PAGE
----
2020 started full of anticipation for a busy year.  Our visitor numbers have steadily risen since we first opened our doors in 2017.  It seems a long time ago now, March.  The approach of restrictions, our early responses, virtual guided walks, a chance to work on the centre’s maintenance and then suddenly nothing.  No working together, no walks, no activities, no centre. The very week we were due to open, we closed.  Our roles turned ‘virtual’, our work became focussed on a screen; the only way we could communicate nature to the outside world.  Facebook and Instagram, our virtual community, became our only community.

Our wildlife has had a wonderful year.  Freed from the pressure of human interference many species have had a very successful breeding season.  Since we reopened on July 15th our visitors have been treated to the sight of three young red squirrels coming to our feeders and even a pine marten, that has turned up on several occasions. We are also eagerly awaiting the construction of our much-delayed hide, which will give our visitors a fantastic opportunity to watch the birds and mammals that come to feed both day and night.  We have hosted a family of greater spotted woodpeckers and a wide range of woodland birds, some of which, such as great tits, have nested in the boxes placed around the centre.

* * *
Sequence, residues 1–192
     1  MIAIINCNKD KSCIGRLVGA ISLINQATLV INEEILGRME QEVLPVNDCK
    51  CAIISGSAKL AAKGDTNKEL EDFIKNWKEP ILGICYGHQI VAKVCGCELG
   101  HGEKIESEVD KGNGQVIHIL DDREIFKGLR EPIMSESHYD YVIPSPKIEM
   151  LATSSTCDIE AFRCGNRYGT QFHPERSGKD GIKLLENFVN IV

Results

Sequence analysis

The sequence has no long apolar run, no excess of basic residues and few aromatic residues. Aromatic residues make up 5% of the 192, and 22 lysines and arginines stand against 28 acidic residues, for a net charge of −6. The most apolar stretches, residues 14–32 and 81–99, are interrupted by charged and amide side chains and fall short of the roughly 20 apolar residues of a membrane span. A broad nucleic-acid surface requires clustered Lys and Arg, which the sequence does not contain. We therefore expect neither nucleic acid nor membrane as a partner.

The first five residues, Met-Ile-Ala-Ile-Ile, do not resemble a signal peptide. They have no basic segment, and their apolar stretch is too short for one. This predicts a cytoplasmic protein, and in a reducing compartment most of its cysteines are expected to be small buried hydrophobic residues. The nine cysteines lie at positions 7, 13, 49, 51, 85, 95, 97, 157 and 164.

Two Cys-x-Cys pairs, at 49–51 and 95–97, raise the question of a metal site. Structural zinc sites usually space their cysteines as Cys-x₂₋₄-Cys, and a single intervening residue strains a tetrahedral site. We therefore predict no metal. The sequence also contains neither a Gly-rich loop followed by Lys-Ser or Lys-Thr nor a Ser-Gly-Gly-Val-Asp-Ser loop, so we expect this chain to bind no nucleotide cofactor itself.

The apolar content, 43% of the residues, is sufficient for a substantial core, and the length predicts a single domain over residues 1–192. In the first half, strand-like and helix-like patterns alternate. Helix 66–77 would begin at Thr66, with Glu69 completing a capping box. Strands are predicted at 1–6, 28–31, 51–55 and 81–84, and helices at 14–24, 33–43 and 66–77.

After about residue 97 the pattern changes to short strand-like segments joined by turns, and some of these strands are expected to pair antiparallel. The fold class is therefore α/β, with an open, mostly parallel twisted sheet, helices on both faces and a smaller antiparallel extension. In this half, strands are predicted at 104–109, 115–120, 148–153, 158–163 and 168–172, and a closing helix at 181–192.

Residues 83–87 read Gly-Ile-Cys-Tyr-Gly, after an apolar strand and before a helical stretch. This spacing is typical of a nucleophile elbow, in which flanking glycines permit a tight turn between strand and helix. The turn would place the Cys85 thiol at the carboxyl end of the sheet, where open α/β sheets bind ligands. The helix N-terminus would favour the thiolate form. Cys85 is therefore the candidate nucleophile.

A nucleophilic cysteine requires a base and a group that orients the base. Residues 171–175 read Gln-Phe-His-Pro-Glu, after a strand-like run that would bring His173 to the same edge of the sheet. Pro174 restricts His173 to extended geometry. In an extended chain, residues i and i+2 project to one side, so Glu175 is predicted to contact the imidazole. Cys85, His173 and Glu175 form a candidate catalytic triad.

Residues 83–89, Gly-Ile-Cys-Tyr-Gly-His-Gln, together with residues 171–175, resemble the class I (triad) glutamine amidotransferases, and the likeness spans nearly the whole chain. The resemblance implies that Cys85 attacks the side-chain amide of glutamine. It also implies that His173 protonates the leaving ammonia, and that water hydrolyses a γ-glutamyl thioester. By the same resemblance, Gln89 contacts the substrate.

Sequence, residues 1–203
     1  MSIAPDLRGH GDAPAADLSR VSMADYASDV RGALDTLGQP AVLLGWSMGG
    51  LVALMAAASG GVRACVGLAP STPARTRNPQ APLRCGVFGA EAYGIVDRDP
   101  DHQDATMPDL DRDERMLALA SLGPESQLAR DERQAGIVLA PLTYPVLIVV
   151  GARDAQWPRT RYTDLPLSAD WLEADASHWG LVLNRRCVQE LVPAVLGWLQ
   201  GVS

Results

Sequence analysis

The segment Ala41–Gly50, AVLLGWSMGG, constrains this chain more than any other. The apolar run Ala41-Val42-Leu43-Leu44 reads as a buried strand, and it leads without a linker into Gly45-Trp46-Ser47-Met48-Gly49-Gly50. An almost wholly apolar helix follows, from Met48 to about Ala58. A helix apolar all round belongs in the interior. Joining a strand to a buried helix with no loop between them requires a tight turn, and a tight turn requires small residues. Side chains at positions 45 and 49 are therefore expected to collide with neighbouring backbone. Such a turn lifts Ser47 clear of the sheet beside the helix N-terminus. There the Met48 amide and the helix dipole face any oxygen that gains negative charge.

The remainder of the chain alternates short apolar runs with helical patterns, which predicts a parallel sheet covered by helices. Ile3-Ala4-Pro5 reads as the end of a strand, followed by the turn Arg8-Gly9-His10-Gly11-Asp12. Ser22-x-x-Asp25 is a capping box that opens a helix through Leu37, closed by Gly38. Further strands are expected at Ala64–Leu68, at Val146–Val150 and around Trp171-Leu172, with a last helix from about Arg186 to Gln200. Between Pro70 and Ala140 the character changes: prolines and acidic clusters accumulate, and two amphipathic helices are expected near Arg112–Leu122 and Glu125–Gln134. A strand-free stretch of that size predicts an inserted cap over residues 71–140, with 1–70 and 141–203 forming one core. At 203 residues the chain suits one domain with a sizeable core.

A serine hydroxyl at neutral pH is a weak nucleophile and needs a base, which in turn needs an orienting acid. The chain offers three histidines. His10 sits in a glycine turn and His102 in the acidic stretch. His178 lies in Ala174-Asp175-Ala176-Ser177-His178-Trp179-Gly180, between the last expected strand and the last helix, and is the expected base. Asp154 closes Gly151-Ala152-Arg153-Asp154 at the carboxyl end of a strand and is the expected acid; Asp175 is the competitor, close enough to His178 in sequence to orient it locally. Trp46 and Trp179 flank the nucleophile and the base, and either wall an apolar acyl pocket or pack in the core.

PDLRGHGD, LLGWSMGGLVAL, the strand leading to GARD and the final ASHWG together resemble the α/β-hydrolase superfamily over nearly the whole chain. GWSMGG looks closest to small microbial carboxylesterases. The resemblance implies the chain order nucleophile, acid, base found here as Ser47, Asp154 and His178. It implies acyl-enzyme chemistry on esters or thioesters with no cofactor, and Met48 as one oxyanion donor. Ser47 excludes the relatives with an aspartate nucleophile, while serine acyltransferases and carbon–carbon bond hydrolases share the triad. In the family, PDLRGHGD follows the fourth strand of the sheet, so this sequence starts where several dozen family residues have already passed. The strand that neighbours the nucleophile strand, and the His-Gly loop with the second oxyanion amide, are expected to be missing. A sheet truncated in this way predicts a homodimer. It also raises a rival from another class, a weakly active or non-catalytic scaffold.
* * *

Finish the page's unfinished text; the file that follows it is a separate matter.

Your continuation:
As self-employed rangers, flexibility will be essential for us over the coming months.  We’ve had a glimpse of what can be possible, a glimpse of how fundamental nature is to all our lives.  Where would we be now without the daily exercise, the connection to the natural world?  Folk have had the chance to breathe clean air, hear bird song, watch spring and summer unfold.  The hope now is that we can hang on to at least some of this wonder, rather than see it buried in a mad rush back to an economy based on just buying ‘more stuff’.